|Confessions of a Little Black Gown is the story of two conniving spies matching wits while falling in love. Thalia Langley is supposed to be a simple Mayfair miss with a matchmaking, meddling twin sister and a heartbroken cousin she is trying to cheer up. While Tally is anything but simple - she can pick locks, entice a man with a practiced look, and curse up a storm in Russian - the rest is true. Her twin sister Felicity is truly a meddling matchmaker, and she is also the duchess of Hollindrake, having recently married Thatcher, who adores her. Unfortunately, Tally’s cousin Pippin is heartbroken because she has fallen in love with a pirate who is also a wanted man, and he’s been imprisoned. So, Tally and Pippin have executed a crazy plan to free Captain Dashwell, but he is not free yet and there is a problem with the plan.
Enter Geoff Larken, a master spy in his majesty’s service, dressed up as the duke’s graceless vicar cousin to ferret out his former friend, Dashwell - and kill him. He has secured an invitation to Hollindrake’s country house party but must find Dashwell discreetly. He doesn’t think anyone will see past his bumbling, dull façade, but Tally immediately sees his grace and stealth. Tally was raised by her globe-trotting father, who educated her in every aspect of life that he saw fit, including his career in the service. So, she spots Larken as a spy but then is immediately confused as he disappears into the façade of the tripping, stammering, righteous vicar. Until they tumble into one another in the garden, and he kisses her, giving into the fascination that has plagued them both since they met. Larken kisses like a rake, and Tally is overwhelmed by the thought that she may have finally found the mysterious spy of her dreams. She also realizes that his presence at the house party can only mean one thing - that he has come to arrest Pippin’s beloved Dash.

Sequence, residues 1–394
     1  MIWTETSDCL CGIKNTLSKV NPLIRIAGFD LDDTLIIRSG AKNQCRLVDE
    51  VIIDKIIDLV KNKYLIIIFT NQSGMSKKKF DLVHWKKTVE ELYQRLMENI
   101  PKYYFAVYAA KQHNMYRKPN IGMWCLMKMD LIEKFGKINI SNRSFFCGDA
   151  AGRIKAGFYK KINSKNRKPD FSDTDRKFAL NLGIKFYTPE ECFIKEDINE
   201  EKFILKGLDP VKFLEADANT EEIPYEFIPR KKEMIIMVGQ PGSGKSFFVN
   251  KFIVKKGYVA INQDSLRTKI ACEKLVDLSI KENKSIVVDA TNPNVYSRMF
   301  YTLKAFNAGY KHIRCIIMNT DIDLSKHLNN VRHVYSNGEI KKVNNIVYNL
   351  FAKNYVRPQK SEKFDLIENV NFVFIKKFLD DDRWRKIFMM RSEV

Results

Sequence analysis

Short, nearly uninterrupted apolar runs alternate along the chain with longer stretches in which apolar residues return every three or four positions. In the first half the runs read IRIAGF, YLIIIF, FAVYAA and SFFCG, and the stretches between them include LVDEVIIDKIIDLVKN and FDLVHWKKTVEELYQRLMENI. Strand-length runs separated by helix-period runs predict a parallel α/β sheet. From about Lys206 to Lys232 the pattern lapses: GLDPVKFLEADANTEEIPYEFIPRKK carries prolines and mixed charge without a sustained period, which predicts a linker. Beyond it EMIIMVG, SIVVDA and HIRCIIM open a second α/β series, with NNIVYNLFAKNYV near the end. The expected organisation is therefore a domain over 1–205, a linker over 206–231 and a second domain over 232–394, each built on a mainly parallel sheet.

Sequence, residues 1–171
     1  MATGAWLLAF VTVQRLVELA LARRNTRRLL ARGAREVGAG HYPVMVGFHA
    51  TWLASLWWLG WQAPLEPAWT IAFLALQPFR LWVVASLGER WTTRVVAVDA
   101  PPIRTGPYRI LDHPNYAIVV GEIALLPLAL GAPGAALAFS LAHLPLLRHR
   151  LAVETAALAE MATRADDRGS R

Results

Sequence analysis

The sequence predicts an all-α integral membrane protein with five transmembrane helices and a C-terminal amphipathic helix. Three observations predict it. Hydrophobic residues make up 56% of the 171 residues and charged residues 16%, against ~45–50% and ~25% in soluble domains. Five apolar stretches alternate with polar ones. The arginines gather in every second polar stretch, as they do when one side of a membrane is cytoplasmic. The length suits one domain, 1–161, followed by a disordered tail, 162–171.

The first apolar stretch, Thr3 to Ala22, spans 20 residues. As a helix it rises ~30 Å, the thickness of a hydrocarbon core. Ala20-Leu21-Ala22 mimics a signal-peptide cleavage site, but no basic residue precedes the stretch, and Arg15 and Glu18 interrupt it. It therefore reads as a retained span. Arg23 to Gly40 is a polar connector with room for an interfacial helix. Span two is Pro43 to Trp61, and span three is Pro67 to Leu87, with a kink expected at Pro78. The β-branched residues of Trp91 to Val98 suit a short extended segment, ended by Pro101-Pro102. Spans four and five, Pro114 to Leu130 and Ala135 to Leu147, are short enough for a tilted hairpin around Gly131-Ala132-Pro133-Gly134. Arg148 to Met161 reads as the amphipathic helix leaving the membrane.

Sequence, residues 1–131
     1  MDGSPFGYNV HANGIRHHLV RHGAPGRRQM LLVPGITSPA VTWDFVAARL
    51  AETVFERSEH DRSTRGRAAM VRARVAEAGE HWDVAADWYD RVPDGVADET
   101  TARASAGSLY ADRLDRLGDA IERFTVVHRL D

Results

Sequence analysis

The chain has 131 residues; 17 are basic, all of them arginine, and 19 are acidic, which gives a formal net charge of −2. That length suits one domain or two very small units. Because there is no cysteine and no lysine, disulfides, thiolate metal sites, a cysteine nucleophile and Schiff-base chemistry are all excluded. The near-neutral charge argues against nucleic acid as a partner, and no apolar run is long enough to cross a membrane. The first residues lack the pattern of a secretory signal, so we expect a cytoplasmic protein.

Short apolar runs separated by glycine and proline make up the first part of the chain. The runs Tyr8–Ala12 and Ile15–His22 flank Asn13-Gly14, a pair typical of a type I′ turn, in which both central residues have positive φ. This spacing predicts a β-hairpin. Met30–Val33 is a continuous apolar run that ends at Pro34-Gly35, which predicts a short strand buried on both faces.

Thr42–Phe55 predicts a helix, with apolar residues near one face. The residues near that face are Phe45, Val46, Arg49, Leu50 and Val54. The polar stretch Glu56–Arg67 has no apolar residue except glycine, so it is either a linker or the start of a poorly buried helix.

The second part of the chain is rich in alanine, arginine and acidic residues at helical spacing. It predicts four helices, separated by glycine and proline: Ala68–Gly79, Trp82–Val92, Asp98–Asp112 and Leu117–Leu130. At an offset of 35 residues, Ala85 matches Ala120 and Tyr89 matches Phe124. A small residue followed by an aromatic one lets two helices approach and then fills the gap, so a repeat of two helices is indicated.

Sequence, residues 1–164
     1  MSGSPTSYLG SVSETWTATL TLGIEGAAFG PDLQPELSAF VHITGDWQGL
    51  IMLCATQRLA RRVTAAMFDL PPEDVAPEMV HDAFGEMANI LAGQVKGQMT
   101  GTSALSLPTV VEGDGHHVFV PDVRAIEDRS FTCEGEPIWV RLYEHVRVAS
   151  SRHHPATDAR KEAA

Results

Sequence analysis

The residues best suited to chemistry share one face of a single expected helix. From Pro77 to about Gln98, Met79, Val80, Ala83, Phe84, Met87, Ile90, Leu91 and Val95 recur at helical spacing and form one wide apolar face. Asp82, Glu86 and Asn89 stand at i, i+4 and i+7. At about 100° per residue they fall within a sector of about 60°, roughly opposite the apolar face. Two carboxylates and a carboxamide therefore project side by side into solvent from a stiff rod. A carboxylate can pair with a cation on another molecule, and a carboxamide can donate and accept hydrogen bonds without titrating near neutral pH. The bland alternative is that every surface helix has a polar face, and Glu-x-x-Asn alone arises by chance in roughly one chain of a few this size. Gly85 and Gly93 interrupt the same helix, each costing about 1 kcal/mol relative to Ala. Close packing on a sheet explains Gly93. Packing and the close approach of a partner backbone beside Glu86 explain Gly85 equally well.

Tally employs her every weapon to distract Larken from his mission, and her innocent seduction combined with her seemingly ladylike demeanor makes him wonder if he’s in the right place for spying. Tally’s staunch belief in fairness has also started to penetrate Larken’s tough shell and he finds his straightforward mission becoming tangled as he fights his conscience and his overwhelming lust.
There are other problems cropping up: a shady lady from Larken’s past and Felicity’s determined matchmaking of everyone in sight turns this turbulent situation into an outright emotional squall.
Confessions of a Little Black Gown has a promising love story that falls short of its lure. Tally is funny, cunning and determined to have Larken as the spy he is, and she will do everything she can think of to uncover him. Larken is a hardened man, after having spent years spying on terrible men in awful places. Tally unwittingly shines light into the bleak places inside him. Tally’s Larken is sexy, wicked, and ruthless. Through her eyes, he is a true hero. The reader only gets glimpses of this through her perception, for the Larken on the page is a cardboard cutout of such a man, with no emotional depth or deep thought.
The story starts very slowly, layering storyline upon storyline until it’s easy to forget all about the love story. It can be confusing at times to keep the cast of background characters, and their purposes, straight. I was also frustrated by the neat tie-up of loose ends, some of which make little sense to me, which I suppose will be explained in a subsequent novel.
The most enjoyable parts of the novel come when Tally and Larken breathlessly match wits while trying to out one another’s hidden identities. Their conversations are lively, entertaining and smart. I also really enjoyed Felicity’s high-handed intervention throughout the novel, especially her surprising involvement in the dramatic conclusion.
This story could have been a beautifully realized love story, complete with an unconventional heroine and a sexy maybe-bad, maybe-not hero, and it comes close and then falls flat. I appreciated the sparring courtship between Larken and Tally and not much else. There were no devilishly interesting confessions to devour in Confessions of a Little Black Gown.